Note- A Mavic Pro was used for these photos – but the advice given will apply to most all DJI drones and to some other brands.
This article is for Beginners and Advanced Beginners – those who know their imaging will likely already have other programs (Lightroom, etc.) that process their RAW and other photos. This article involves editing with the free (included) MacOS program “Apple Photos”, formerly called iPhoto.
What is RAW?
RAW is a photographic file type – one that takes as much as possible of the information from the camera sensor and stores it in a larger (usually 5X the size in bytes) format than the JPEG (.jpg or .jpeg) that most are familiar with. Most DJI Equipment now allows you to set the Photo type as RAW…or, as both RAW and JPEG at the same time. In the later case, the Drone will take and store two photos – one processed with your JPEG settings and one RAW.
Should you use RAW as your Photo file type?
This is an open question. If you do a lot of work on your photos after you download them (this is called post-processing), then RAW is the preferred format due to it containing more actual light and color information…which then gives you more to work with. However, if the majority of your work is “as-is” or only slightly adjusted afterwards (crop, light, etc.), then the JPEG format should work fine. However, it will benefit you to check and test the JPEG photo settings on your machine before you take it into the field. DJI provides various options – I currently use “Landscape” on my Mavic Pro and the result are quite good. Reports from the field indicate that DJI has occasionally changed these settings with firmware updates, so it’s important that you check to make sure the photos are satisfactory before doing any important flights. This can be done by checking the settings in the DJI Go (4) app while connected to the Drone – and also taking a couple photos outdoors. I just hover a few feet above my house and do so, but you could also do it hand held. Make certain to touch the screen to focus and try to take a sample photo of something at a distance – then inspect it closely on your computer or any larger screen.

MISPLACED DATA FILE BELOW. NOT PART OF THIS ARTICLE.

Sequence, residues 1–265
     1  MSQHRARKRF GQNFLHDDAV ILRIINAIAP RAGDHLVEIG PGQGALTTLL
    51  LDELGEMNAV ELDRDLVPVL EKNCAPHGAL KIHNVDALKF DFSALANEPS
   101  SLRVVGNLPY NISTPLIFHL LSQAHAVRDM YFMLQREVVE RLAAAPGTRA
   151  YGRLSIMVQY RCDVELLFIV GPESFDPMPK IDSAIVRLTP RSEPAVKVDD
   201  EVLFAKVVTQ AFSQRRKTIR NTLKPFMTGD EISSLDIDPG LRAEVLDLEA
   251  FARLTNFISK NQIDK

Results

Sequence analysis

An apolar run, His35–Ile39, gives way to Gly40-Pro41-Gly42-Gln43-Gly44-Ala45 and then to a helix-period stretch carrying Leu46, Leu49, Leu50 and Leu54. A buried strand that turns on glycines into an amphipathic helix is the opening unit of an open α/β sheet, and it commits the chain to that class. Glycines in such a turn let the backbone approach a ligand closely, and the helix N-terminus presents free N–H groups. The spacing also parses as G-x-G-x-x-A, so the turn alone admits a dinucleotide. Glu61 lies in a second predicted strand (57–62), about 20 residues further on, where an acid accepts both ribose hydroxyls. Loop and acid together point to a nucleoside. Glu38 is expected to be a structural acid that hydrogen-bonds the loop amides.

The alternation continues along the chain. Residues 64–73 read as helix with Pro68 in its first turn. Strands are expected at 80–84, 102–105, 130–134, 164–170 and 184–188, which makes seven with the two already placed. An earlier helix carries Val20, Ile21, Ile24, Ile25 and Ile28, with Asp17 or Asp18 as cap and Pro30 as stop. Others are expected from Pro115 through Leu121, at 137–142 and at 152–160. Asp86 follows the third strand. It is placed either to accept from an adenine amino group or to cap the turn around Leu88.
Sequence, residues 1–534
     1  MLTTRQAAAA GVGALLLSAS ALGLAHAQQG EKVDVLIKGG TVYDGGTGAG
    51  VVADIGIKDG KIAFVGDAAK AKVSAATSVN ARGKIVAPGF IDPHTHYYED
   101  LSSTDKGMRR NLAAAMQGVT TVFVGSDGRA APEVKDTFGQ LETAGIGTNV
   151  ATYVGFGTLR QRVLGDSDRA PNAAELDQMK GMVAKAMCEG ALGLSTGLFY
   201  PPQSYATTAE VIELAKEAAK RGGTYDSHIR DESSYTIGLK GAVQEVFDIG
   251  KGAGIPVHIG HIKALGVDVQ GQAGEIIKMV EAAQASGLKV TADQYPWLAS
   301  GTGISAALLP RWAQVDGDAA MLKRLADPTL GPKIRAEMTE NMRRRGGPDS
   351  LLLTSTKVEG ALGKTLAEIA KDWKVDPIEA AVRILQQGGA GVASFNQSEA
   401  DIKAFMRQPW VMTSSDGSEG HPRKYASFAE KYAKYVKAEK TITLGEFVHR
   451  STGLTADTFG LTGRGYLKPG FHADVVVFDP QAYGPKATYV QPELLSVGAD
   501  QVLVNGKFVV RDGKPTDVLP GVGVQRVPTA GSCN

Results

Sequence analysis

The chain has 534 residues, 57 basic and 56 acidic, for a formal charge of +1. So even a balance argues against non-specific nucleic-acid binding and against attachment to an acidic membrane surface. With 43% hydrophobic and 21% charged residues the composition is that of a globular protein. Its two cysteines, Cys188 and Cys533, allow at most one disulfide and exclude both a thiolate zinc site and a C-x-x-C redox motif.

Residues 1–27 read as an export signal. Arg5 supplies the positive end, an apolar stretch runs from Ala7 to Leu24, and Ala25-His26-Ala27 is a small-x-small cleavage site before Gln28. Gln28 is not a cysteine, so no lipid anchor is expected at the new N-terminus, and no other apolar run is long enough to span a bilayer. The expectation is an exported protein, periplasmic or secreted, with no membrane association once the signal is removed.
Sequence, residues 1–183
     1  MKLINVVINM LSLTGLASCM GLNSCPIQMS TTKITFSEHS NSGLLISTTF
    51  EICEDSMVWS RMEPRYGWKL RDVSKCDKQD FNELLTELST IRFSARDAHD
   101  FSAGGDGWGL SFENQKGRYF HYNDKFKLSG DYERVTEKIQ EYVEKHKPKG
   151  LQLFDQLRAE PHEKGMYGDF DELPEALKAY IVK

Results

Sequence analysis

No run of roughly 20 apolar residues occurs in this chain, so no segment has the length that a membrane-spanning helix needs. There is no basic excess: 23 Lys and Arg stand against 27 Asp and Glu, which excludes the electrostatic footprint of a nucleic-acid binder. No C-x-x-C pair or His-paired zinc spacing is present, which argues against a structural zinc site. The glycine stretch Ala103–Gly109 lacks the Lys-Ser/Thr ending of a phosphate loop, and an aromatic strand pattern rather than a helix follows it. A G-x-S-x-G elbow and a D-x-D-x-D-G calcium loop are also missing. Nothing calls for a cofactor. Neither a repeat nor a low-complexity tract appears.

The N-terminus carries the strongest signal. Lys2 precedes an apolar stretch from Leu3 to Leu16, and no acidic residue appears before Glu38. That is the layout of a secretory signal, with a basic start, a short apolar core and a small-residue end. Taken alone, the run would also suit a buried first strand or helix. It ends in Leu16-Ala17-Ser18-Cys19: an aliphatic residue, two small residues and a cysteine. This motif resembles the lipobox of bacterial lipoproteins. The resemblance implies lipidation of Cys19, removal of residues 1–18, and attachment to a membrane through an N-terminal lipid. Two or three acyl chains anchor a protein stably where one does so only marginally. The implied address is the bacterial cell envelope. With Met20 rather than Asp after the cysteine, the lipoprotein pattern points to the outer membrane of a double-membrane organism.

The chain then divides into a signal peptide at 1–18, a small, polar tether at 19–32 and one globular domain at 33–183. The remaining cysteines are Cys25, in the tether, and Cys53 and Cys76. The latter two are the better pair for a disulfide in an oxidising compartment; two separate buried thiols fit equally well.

RAW Photos will often look “washed out” compared to JPEGS – this is because JPEGS are automatically improved inside the camera. In other words, the basic work (sharpening, brightening, colors popping) is done for you – whereas with RAW you have to do the post-processing.
Up until recently, working with RAW files often meant you needed expensive programs like Lightroom – and also the education on using them. However, the free (included) Apple Photos App on Macs now has the ability to process these files. Following is a short tutorial on editing RAW (and other) photos in Apple Photos.
Selecting a Photo in Apple Photos
The screenshot below shows part of a typical Apple Photos “Photos” screen. These Photos have been imported from the Micro-SD card plugged into an adapter on my Mac. The thumbnails which have a “J” at the upper left also show a second shadow behind that “J” – this indicates that both a JPEG and a RAW copy of the photo are in the program. If nothing is shown, that means only a JPEG exists – if the upper left only contains an “R”, that means only a RAW photo was taken. Note that RAW photos will have a .DNG (or .dng) extension. [Read more…]